I’m not a psychologist and I don’t have any answers. I just find it fascinating that who we are on a psychological level, somehow gets projected to other people. Haven’t you met someone and immediately had a strong reaction to them, either positive or negative? I met a woman at a book club meeting. I knew we were going to be friends. Years later we are still best friends yet we hardly talked at that first meeting.

We call this ‘chemistry’. We say we are ‘drawn’ to someone. I don’t know how to explain it. But three cheers for whatever it is!


I’ve been watching the Republicans trying to convince themselves and the world, yet again, that 2 + 2 = 5. An overtly political Republican Congressional memo was released recently that clearly states “A”. However, it is being touted as proof that “A” is false. Most of the country has not been taken in, but a majority of Republicans have been.

Republican Congressional Memo released to the public

This is just the most recent example of a Republican misinformation campaign. This one is designed to prove that the entire intelligence community, all 17 agencies in the government, are all biased, corrupt and working together to overthrow the Trump government. This is a ludicrous, far-fetched and dangerous idea.

But so was the popular right-wing conspiracy theory about the Newtown School massacre. The conpiracists claimed that the massacre never really happened. Actors were hired to make it look real. It was faked to make Second Amendment gun advocates look bad. Hard to believe that people actually bought into this craziness. But many Republicans did.

Whatever happened to the rubric, ‘When you hear hooves, assume horses, not zebras’? What kind of person is willing, if not eager, to believe the convoluted conspiracy theory rather than the simple reality? Do you have to be somewhat paranoid yourself to believe this shit? Can you just be a low information person who never goes anywhere near critical thought?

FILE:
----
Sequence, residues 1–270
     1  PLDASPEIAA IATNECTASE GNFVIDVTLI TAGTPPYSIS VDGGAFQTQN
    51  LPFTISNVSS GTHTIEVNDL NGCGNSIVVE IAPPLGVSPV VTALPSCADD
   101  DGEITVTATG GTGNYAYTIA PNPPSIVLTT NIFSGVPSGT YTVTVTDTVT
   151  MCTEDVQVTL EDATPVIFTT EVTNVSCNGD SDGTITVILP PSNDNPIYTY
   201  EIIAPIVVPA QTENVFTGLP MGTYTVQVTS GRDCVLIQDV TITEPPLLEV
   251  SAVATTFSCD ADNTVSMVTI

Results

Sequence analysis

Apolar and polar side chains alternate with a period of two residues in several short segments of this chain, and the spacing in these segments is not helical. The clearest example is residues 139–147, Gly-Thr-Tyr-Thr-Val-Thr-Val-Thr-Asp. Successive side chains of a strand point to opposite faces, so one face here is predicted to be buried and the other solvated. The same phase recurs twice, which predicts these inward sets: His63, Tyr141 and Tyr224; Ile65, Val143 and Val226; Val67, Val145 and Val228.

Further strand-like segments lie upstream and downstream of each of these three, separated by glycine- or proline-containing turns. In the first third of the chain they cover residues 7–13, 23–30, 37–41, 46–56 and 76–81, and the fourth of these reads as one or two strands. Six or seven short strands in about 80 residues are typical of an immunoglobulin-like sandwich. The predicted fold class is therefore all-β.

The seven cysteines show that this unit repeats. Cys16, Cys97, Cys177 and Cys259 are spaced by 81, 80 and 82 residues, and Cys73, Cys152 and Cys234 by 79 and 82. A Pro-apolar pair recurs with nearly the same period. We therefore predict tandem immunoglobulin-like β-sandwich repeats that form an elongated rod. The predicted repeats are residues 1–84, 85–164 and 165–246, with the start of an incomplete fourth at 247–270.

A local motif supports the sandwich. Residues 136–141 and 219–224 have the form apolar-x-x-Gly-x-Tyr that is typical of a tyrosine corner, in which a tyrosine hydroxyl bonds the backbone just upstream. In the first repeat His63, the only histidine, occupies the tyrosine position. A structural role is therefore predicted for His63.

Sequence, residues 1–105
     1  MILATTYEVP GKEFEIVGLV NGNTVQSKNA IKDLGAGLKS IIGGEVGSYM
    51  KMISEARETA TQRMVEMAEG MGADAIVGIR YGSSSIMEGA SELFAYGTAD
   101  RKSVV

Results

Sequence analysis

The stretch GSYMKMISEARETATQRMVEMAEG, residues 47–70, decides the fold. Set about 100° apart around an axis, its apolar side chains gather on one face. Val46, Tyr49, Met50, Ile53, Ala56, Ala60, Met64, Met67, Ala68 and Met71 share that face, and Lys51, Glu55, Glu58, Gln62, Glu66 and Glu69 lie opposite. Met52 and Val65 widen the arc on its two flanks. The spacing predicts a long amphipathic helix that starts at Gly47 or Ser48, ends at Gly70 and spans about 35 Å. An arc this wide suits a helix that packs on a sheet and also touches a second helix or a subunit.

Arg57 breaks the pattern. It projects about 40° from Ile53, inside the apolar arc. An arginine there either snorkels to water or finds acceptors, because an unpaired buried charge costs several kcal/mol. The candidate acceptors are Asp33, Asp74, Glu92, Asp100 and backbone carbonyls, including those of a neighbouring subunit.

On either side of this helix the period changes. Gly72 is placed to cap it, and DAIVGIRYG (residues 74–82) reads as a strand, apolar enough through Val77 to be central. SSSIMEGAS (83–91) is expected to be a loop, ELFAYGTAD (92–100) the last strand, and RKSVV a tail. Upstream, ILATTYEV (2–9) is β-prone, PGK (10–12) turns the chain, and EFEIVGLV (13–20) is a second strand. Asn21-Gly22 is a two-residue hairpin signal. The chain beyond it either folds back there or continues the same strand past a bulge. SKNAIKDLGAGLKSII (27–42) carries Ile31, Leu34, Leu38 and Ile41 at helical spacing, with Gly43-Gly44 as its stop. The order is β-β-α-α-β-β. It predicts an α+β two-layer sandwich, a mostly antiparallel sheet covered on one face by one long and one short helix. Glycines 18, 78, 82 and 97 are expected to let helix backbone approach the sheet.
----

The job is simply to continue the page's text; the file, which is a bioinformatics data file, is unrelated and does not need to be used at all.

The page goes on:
I think you have to believe that people are horribly nefarious and at least a little bit out to get you. But you also have to so desperately want to cling to your beliefs that you will buy into anything that allows you to keep them, untarnished.

I strongly believe what I believe. But I critically evaluate the information I’m given both for and against my positions. I would get no comfort from a flimsy, outlandish theory that could not be verified, just because it bolstered my world view. I would analyze it and reject it as false or unsubstantiated. And move on.

So we’re back to what makes me reject the ridiculous theory and others embrace it. Maybe it’s that my most fervent belief is in the existence of absolute facts. I believe that there is a way to determine, definitively, what is real and what isn’t. Maybe others have a looser definition of ‘truth’ than I do. Maybe others don’t care if something is true once they choose to believe it.

Have you ever watched “America’s Got Talent”, or any other talent show? There are people out there who genuinely think they are great singers or dancers, or whatever. And they are, in fact, horrible. So horrible that they get booed by a huge audience and eviscerated by a panel of judges. Yet most of these performers leave the stage believing that everyone is wrong about them. That nobody sees or ‘gets’ their true talent.

That may be the answer to my question. People have a great capacity for self-deception. Particularly when there is a deep seeded need to perpetuate that deception.

People don’t want to be bothered informing themselves and finding actual facts to back up their beliefs. They just want to ‘feel’ that they know what they’re talking about, that they understand the world around them. Most important, people want to ‘believe’ that they are 100% right about their beliefs.

Everyone wants to think they are smart and have a good sense of humor. So they just ‘believe’ it. And they live happily ever after.